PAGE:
Then the medical team heard a gunshot. Not long afterwards, the medical director informed them that they would have to leave immediately and not return the next day because some of the building’s tenants were complaining of the disturbance.

“Our team was then notified that two police officers were unable to control the crowd and that they needed to escort us out of the building,” Smith said. “As we were led by one of the officers through the crowd, I noticed that the atmosphere had miraculously changed. Like God parting the Red Sea for Moses and the children of Israel, a narrow path formed between the gypsies and ourselves.”

The medical team returned to the same village the next day but this time set up clinic in a vacant third-story apartment kitchen within four blocks of the previous clinic. Their day was without incident, Smith said.

She added: “Our Iasi medical team began every morning with joined hands in prayer, which was the same way we concluded our last clinic in Tirgu Frumos. The power of God was so strong as we began thanking him for allowing us to come and serve him by planting seeds in this new harvest field.”

Tirgu Frumos was also a challenging environment for the children and youth workers during their July 29-July 13 RAM outreach. In their first meeting, the five Americans and their teenage translators faced more than 200 people, many of whom were older teenagers ready to mock their efforts. Hot, tired and burnt out from four straight 10-hour days, the youth workers felt inadequate, and even fearful, about their ministry the next day.

How many more people would show up, they wondered. How would they handle the opposition?

“By the end of the first day, I was stunned,” said Susan Gannon, New Orleans Seminary master of divinity student. “While the youth were singing during the evening evangelistic meeting, I looked at each person in the crowd. I just began praying for each one.

“I wasn’t sure if I wanted to return to this village the next day but I knew God wanted us there. I had to go back,” she asserted.

That evening, fellow student Ashley Bell, from Memphis, Tenn., shared prayer concerns with family members and students staying in her dorm back on the seminary campus in New Orleans. As a result, a team of seminary students posted bulletins requesting prayer against the opposition. The bulletin read, “Romanian trip is having difficulties. Come join us for prayer.”

Unbeknownst to the Romanian mission team, eight to ten students banded together in the seminary’s Intercessory Prayer Room, offering prayers of protection and for God to perform miracles in Romania.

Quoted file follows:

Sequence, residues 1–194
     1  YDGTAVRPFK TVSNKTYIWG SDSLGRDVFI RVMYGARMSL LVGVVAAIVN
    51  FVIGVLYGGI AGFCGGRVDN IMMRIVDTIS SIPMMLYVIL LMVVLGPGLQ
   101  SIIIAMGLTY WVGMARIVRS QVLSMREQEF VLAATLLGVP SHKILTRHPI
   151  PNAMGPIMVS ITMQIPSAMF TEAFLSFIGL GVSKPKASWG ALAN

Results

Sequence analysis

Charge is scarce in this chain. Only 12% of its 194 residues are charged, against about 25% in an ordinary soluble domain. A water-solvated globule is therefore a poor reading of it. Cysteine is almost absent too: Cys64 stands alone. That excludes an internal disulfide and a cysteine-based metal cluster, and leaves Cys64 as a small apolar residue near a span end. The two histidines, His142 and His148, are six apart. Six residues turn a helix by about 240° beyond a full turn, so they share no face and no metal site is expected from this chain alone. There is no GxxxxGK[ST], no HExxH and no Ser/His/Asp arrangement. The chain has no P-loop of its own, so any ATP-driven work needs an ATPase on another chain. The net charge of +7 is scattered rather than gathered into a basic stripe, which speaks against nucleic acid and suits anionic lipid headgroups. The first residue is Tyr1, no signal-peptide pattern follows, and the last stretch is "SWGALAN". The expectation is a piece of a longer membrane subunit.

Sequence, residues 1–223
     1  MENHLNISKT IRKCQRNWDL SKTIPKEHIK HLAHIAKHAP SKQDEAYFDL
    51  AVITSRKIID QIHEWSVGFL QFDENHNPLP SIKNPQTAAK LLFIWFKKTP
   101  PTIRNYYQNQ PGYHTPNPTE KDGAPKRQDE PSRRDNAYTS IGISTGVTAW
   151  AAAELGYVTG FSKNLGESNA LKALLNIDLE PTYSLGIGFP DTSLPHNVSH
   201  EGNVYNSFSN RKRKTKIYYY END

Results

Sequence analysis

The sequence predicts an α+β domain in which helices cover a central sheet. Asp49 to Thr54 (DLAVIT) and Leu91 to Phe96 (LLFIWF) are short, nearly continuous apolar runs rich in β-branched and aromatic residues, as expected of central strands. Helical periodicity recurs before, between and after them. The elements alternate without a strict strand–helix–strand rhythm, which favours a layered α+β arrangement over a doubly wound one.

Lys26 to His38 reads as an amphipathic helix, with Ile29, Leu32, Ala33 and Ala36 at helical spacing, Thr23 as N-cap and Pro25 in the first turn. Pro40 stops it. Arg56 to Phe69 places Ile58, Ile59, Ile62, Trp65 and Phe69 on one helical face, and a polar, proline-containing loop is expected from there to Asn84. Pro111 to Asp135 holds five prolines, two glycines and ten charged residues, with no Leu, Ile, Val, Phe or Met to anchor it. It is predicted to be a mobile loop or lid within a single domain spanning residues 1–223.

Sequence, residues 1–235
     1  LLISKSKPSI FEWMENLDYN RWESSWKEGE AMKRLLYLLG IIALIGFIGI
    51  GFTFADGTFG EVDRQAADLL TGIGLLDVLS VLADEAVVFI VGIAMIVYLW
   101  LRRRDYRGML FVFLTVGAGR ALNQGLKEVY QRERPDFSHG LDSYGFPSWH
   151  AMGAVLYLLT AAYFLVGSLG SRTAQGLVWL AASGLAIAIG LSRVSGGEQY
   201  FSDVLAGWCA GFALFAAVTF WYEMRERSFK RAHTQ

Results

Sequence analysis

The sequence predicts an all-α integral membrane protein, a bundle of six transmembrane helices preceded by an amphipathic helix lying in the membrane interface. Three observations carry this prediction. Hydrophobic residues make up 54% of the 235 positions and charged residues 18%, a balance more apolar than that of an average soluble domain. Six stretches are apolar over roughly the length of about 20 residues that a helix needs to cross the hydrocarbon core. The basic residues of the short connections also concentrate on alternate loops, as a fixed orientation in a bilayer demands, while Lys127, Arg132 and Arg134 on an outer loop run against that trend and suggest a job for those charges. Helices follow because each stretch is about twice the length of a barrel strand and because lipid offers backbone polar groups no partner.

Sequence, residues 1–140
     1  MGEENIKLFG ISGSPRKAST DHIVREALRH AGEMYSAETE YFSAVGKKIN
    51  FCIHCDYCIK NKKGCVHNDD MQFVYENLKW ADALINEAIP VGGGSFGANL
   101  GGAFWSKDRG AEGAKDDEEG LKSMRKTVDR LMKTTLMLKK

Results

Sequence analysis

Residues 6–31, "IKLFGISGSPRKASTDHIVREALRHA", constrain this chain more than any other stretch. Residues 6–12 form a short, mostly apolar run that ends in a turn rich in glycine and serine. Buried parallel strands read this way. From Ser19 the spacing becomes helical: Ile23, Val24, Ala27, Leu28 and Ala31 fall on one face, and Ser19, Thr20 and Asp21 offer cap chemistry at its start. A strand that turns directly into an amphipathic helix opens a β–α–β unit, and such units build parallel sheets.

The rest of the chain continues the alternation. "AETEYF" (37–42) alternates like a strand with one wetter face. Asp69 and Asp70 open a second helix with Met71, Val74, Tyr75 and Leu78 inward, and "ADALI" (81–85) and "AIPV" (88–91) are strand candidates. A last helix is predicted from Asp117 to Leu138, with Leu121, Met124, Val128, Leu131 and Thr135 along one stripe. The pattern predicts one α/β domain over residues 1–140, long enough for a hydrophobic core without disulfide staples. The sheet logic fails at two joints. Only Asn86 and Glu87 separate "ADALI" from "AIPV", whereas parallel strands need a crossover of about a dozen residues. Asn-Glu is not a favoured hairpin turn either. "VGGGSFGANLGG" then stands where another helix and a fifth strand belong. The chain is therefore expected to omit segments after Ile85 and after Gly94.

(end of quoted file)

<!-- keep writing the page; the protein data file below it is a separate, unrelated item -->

The Bible school team experienced dramatic answers to their prayers.

First, Pastor Vasiliu was led to share a devotion the next morning from the Gospel of Mark. Explaining how Jesus went from market to market (“Tirgu” translates into market), he shared how Jesus also faced harassment, fatigue and large crowds.

“You are experiencing the same thing that Jesus experienced,” he encouraged. “He will give you the strength to face the day.”

The challenges seemed more surmountable when team members could visualize their surroundings through the eyes of Jesus. The dusty roads in the foreign land could have easily resembled the environment that he faced.

Energized by prayer and by the idea that they were walking in Jesus’ footsteps, the ministry team began the new day with optimism.

The day was miraculous. Not only were the children well-behaved and attentive, they were eager to learn about Jesus. “It was as if God swept his hand over the entire day,” said Ivona Selea, one of the Romanian translators who help lead the music and lessons. Her faced shined as the children sang the songs and laughed at the skits performed.

One child named Alex said in nearly perfect English, “We are having the best time.” And later, when asked what they were most thankful for, he responded, “I am most thankful that all of you have come here today to teach us about Jesus.”

Another boy, Adrian, expressed similar sentiments. Ken Taylor, associate professor of urban missions, said to him, “I am praying that one day Jesus will come into your heart.”

“I invited him into my heart yesterday,” said the brown-haired, brown-eyed boy. “I already have him in my heart.”
(BP) photo posted in the BP Photo Library at www.sbcbaptistpress.org. Photo titles: SINGING PRAISES.

    About the Author

  • Shannon Baker

    Shannon Baker is director of communications for the Baptist Resource Network of Pennsylvania/South Jersey and editor of the Network’s weekly newsletter, BRN United.